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Page 114

CHAPTER 10
SHARES

company all moneys which, at the date of forfeiture, were payable by him to the company in respect of the shares, but his liability shall cease if and when the company shall have received payment in full of all such!moneya in respect of the shares."
Such an article makes the person whose shares have been forfeited liable as a debtor to the company, and not as a contributory, so that where more than a year after the forfeiture the company went into liquidation, it was held that proof for the arrears of calls could be made against the former owner of the shares. (64)
Even without the last part of Art. 37, the company cannot recover more than the difference between the calls due and the amount received on re-issue.
In re Bolton, [1930] 2 Ch. 48. B. underwrote two blocks of shares in a company.. The issue to the public was a failure, and B. was consequently allotted (inter alia) 8,200 £1 shares in the company. He was unable to pay the calls on these shares, which were forfeited. They were then re-issued so that the company received the balance of the calls in full, but the company had to pay the new allottees £1,018 by way of commission. B. became bankrupt. The articles provided that the holder of forfeited shares should remain liable for calls notwithstanding the forfeiture, and the company attempted to prove for the balance of calls due from B. Held, the company could not receive payment of the calls twice over, and could only prove for the actual loss sustained, viz., the £1,018 commission.
A surety for calls is released on forfeiture of the shares without his consent. (65)

SURRENDER
A surrender of shares is not recognised by the Act, and Table A gives no power to accept a surrender. A company's articles, however, frequently give power to the directors to accept a surrender of shares where they are in a position to forfeit such shares and in any other case where a surrender of shares is allowed by law. The cases in which a surrender is lawful are:
1. Where the surrender is accepted to save the company from going through the formalities of forfeiture.

" These [surrenders of shares] have been admitted by the Courts upon the principle, as I understand it, that they have practically the same effect as forfeiture, the main difference being that the one is a proceeding in invitum, and the other a proceeding taken with the assent of the shareholder, who is unable to retain and pay future calle on his shares." (66)

2. Where a surrender of fully paid shares is accepted in egchange~ for new shares of the same nominal value.

64 Ladies' Dress Assn. v. Pulbroo7c, [1900] 2 Q. B. 376.
65 Re Darwen and Pearce, [1927] 1 Ch. 176.
66 Per Lord Watson in Trevor v. Whitworth (1887), 12 A. C. at p. 429.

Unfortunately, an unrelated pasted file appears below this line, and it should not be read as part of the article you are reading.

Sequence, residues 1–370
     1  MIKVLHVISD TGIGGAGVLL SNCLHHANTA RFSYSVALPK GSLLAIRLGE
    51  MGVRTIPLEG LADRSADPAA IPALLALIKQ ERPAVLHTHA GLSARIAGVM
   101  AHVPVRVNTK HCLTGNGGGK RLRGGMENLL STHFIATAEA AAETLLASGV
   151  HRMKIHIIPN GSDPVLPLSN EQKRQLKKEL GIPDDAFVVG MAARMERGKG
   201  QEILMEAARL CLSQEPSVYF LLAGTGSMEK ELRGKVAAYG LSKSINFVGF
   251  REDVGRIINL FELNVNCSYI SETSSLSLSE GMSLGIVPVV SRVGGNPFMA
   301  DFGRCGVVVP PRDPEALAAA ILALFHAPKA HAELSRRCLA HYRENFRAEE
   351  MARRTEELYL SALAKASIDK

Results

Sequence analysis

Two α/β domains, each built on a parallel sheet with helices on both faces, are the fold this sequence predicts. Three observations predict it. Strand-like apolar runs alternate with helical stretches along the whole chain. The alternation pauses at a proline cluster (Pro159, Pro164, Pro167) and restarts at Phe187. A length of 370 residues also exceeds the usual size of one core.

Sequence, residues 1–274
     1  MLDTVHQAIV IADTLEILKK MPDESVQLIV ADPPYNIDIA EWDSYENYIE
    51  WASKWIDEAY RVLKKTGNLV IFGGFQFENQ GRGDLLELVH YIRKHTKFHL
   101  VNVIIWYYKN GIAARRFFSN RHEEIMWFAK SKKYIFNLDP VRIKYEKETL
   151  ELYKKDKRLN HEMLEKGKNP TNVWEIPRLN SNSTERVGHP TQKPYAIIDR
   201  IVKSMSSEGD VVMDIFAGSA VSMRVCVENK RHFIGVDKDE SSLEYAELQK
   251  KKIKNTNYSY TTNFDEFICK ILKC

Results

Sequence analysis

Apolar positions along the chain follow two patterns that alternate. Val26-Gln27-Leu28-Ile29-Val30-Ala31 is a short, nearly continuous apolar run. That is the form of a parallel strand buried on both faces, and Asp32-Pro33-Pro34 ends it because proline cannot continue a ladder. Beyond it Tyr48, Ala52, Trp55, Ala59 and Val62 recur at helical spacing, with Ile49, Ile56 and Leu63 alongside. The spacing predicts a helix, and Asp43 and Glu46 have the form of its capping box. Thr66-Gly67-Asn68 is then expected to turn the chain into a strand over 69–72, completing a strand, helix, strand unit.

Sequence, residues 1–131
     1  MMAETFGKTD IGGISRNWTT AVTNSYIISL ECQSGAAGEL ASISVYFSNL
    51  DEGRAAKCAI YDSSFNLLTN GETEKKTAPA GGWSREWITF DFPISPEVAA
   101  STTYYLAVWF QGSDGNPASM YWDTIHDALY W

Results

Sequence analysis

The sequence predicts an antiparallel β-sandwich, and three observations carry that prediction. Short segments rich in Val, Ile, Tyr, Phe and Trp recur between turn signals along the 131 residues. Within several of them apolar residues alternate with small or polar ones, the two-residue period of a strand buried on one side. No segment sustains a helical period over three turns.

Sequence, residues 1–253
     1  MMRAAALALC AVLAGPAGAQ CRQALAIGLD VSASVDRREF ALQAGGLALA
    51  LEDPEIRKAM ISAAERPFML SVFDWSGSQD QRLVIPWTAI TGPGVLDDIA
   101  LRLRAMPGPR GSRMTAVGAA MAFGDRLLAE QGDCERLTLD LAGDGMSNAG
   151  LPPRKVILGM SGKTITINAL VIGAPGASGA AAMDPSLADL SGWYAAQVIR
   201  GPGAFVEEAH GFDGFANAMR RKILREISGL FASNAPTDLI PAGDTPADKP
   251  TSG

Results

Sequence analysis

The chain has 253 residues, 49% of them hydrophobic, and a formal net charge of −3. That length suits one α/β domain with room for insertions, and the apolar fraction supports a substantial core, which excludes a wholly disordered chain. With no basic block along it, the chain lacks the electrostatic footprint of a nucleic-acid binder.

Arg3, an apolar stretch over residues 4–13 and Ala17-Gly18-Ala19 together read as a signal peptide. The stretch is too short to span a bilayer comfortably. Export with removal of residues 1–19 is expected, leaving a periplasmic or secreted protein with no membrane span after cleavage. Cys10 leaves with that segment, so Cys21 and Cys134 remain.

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where is HTML where is HEAD where is TITLE company all moneys which, at what is date of forfeiture, were payable by him to what is company in respect of what is shares, but his liability shall cease if and when what is company shall have received payment in full of all such!moneya in respect of what is shares." Such an article makes what is person whose shares have been forfeited liable as a debtor to what is company, and not as a contributory, so that where more than a year after what is forfeiture what is company went into liquidation, it was held that proof for what is arrears of calls could be made against what is former owner of what is shares. (64) Even without what is last part of Art. 37, what is company cannot recover more than what is difference between what is calls due and what is amount received on re-issue. In re Bolton, [1930] 2 Ch. 48. B. underwrote two blocks of shares in a company.. what is issue to what is public was a failure, and B. was consequently allotted (inter alia) 8,200 £1 shares in what is company. He was unable to pay what is calls on these shares, which were forfeited. They were then re-issued so that what is company received what is balance of what is calls in full, but what is company had to pay what is new allottees £1,018 by way of commission. B. became bankrupt. what is articles provided that what is holder of forfeited shares should remain liable for calls notwithstanding what is forfeiture, and what is company attempted to prove for what is balance of calls due from B. Held, what is company could not receive payment of what is calls twice over, and could only prove for what is actual loss sustained, viz., what is £1,018 commission. A surety for calls is released on forfeiture of what is shares without his consent. (65) SURRENDER A surrender of shares is not recognised by what is Act, and Table A gives no power to accept a surrender. A company's articles, however, frequently give power to what is directors to accept a surrender of shares where they are in a position to forfeit such shares and in any other case where a surrender of shares is allowed by law. what is cases in which a surrender is lawful are: 1. Where what is surrender is accepted to save what is company from going through what is formalities of forfeiture. " These [surrenders of shares] have been admitted by what is Courts upon what is principle, as I understand it, that they have practically what is same effect as forfeiture, what is main difference being that what is one is a proceeding in invitum, and what is other a proceeding taken with what is assent of what is shareholder, who is unable to retain and pay future calle on his shares." (66) 2. Where a surrender of fully paid shares is accepted in egchange~ for new shares of what is same nominal value. 64 Ladies' Dress Assn. v. Pulbroo7c, [1900] 2 Q. B. 376. 65 Re Darwen and Pearce, [1927] 1 Ch. 176. 66 Per Lord Watson in Trevor v. Whitworth (1887), 12 A. C. at p. 429. where is meta name="keywords" content="old books, Free book , free book offer , free audio books , free coloring book pages , free book reports , free audio book , audio books free download , book free , free guest book , books free , free book summaries , download free audio books , free childrens books." where is where are they now rel="stylesheet" type="text/css" href="../../style.css" where is meta http-equiv="Content-Type" content="text/html; charset=iso-8859-1" where is BODY bgColor=#ffffff text="#000000" where are they now ="#000000" v where are they now ="#FF0000" where is div align="center" where is strong where is strong where is a href="http://www.aaoldbooks.com" Books > where is a href="../default.asp" title="Book" Old Books > where is strong where is a href="default.asp" Poetry Northwest (1959) where is table width="700" border="1" align="center" cellpadding="15" cellspacing="0" where is center where is tr where is td width="160" align="center" valign="top" where is div align="center" where is td align="center" valign="top" where is div align="left" where is div align="center" where is p align="left" Page 114 where is strong CHAPTER 10 SHARES where is p align="justify" company all moneys which, at what is date of forfeiture, were payable by him to what is company in respect of what is shares, but his liability shall cease if and when what is company shall have received payment in full of all such!moneya in respect of what is shares." Such an article makes what is person whose shares have been forfeited liable as a debtor to what is company, and not as a contributory, so that where more than a year after what is forfeiture what is company went into liquidation, it was held that proof for what is arrears of calls could be made against what is former owner of what is shares. (64) Even without what is last part of Art. 37, what is company cannot recover more than what is difference between what is calls due and what is amount received on re-issue. In re Bolton, [1930] 2 Ch. 48. B. underwrote two blocks of shares in a company.. what is issue to what is public was a failure, and B. was consequently allotted (inter alia) 8,200 £1 shares in what is company. He was unable to pay what is calls on these shares, which were forfeited. They were then re-issued so that what is company received what is balance of what is calls in full, but what is company had to pay what is new allottees £1,018 by way of commission. B. became bankrupt. what is articles provided that what is holder of forfeited shares should remain liable for calls notwithstanding what is forfeiture, and what is company attempted to prove for what is balance of calls due from B. Held, what is company could not receive payment of what is calls twice over, and could only prove for what is actual loss sustained, viz., what is £1,018 commission. A surety for calls is released on forfeiture of what is shares without his consent. (65) SURRENDER A surrender of shares is not recognised by what is Act, and Table A gives no power to accept a surrender. A company's articles, however, frequently give power to what is directors to accept a surrender of shares where they are in a position to forfeit such shares and in any other case where a surrender of shares is allowed by law. what is cases in which a surrender is lawful are: 1. Where what is surrender is accepted to save what is company from going through what is formalities of forfeiture. " These [surrenders of shares] have been admitted by what is Courts upon what is principle, as I understand it, that they have practically what is same effect as forfeiture, what is main difference being that what is one is a proceeding in invitum, and what is other a proceeding taken with what is assent of what is shareholder, who is unable to retain and pay future calle on his shares." (66) 2. Where a surrender of fully paid shares is accepted in egchange~ for new shares of what is same nominal value. 64 Ladies' Dress Assn. v. Pulbroo7c, [1900] 2 Q. B. 376. 65 Re Darwen and Pearce, [1927] 1 Ch. 176. 66 Per Lord Watson in Trevor v. Whitworth (1887), 12 A. C. at p. 429. where is Server.Execute("_SiteMap.asp") %